But what about unpublished data? What about old lab notebooks? The problem supposedly seen now has nothing to do with data that was published. It has to do with emails between scientists. Is this relevant data that should be made public for any government funded research?

Who determines which data are relevant or not?

And what about a researcher’s time? More time in front of the public, more time filling out FOIs, more time not doing research in the first place.

The scientific world is headed this way but how will researcher’s adjust? There will have to be much better training of effectively communicating science to a much wider audience than most scientists are now comfortable with.

Filters lead us to wisdom

filters by aslakr
[2b2k] Clay Shirky, info overload, and when filters increase the size of what’s filtered
[Via Joho the Blog]

Clay Shirky’s masterful talk at the Web 2.0 Expo in NYC last September — “It’s not information overload. It’s filter failure” — makes crucial points and makes them beautifully. [Clay explains in greater detail in this two part CJR interview: 1 2]

So I’ve been writing about information overload in the context of our traditional strategy for knowing. Clay traces information overload to the 15th century, but others have taken it back earlier than that, and there’s even a quotation from Seneca (4 BCE) that can be pressed into service: “What is the point of having countless books and libraries whose titles the owner could scarcely read through in his whole lifetime? That mass of books burdens the student without instructing…” I’m sure Clay would agree that if we take “information overload” as meaning the sense that there’s too much for any one individual to know, we can push the date back even further.


David Weinberger has been one of my touchstones ever since I read The Cluetrain Manifesto. I cried when I read that book because it so simply rendered what I had achingly been trying to conceptualize.

Dealing with information glut today leverages an old way of doing things in a new way. It uses synthesis rather than analysis. Analysis gave us the industrial revolution. Breaking the complex down into small understandable bits allowed us to create the assembly line that could put together our greatest creations, such as the Space Shuttle, with more than 2.5 million parts.

Yet a single O-ring can destroy the whole thing.

Synthesis brings together facts, allows us to see them in new ways. But to attack the really complex problems of today, we need to utilize synthesis from a wide range of viewpoints, all providing their own filter. As with the story of the 5 blind men and the elephant, no one person has all the information. But a synthesis of everyone’s information provides a reasonable approximation.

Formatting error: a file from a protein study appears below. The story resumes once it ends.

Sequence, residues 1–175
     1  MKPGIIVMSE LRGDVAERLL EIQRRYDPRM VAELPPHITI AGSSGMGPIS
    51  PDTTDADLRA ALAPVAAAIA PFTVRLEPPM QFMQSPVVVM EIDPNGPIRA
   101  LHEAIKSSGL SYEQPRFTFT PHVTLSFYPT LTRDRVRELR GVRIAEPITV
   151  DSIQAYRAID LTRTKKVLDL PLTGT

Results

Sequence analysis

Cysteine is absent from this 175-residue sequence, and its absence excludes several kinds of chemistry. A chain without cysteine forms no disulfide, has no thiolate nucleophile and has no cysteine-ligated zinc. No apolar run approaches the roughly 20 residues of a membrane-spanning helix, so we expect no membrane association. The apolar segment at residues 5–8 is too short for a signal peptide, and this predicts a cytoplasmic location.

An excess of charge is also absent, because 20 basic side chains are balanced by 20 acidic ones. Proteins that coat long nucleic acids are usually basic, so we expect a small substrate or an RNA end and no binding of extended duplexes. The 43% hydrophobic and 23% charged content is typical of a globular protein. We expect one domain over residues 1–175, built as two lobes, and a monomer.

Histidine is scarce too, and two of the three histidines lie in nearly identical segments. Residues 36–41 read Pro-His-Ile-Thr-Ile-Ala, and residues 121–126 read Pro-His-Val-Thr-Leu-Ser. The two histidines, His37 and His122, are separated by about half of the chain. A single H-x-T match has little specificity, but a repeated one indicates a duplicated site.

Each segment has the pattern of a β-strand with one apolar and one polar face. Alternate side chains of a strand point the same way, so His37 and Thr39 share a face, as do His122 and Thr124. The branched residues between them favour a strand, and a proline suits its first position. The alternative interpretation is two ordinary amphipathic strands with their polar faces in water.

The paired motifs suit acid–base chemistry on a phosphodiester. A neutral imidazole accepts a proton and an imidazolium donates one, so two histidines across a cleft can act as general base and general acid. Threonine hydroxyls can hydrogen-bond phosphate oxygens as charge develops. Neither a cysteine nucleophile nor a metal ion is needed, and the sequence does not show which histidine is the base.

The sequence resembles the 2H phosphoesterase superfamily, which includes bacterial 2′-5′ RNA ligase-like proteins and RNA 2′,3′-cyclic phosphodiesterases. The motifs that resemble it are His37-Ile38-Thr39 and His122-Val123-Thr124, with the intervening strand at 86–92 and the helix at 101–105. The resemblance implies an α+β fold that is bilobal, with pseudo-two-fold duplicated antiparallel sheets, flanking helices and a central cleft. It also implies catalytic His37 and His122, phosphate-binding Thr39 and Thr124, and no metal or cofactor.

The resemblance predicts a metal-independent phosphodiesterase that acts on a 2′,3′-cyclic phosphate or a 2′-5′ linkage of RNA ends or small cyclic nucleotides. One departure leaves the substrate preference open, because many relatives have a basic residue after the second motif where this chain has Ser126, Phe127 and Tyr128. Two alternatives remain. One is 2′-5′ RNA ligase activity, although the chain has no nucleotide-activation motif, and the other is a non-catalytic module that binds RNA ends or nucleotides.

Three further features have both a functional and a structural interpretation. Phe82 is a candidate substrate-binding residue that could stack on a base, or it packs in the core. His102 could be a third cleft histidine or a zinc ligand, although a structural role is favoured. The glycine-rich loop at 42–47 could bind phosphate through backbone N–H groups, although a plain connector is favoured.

David discusses this view:

A traditional filter in its strongest sense removes materials: It filters out the penny dreadful novels so that they don’t make it onto the shelves of your local library, or it filters out the crazy letters written in crayon so they don’t make it into your local newspaper. Filtering now does not remove materials. Everything is still a few clicks away. The new filtering reduces the number of clicks for some pages, while leaving everything else the same number of clicks away. Granted, that is an overly-optimistic way of putting it: Being the millionth result listed by a Google search makes it many millions of times harder to find that page than the ones that make it onto Google’s front page. Nevertheless, it’s still much much easier to access that millionth-listed page than it is to access a book that didn’t make it through the publishing system’s editorial filters.

It is through synthesis that new technologies allow us to deal with information glut. And this synthesis necessarily involves human social networks. Because humans are exquisitely positioned to filter out noise and find the signal.

I’ve discussed the DIKW model. Data simply exists. Information happens when humans interact with the data. Transformation of information, both tacit and explicit, produces knowledge, which is the ability to make a decision, to take an action. Often that action is to start the cycle again, generating more data and so on.

This can be quite analytical in approach as we try to understand something. But the final link in the cycle, wisdom, is the ability to make the RIGHT decision. This necessarily require synthesis.

New technologies allow us to deal with much more data than before, generate more information and produce more knowledge. However, without synthetic approaches that bring together a wide range of human knowledge, we will not gain the wisdom we need.

Luckily, the same technologies that produce so much data also provide us with the tools to leverage our interaction with knowledge. If we create useful social structures, ones that properly synthesize the knowledge, that employ human social networks that act as great filters, then we can more rapidly compete the DIKW cycle and take the correct actions.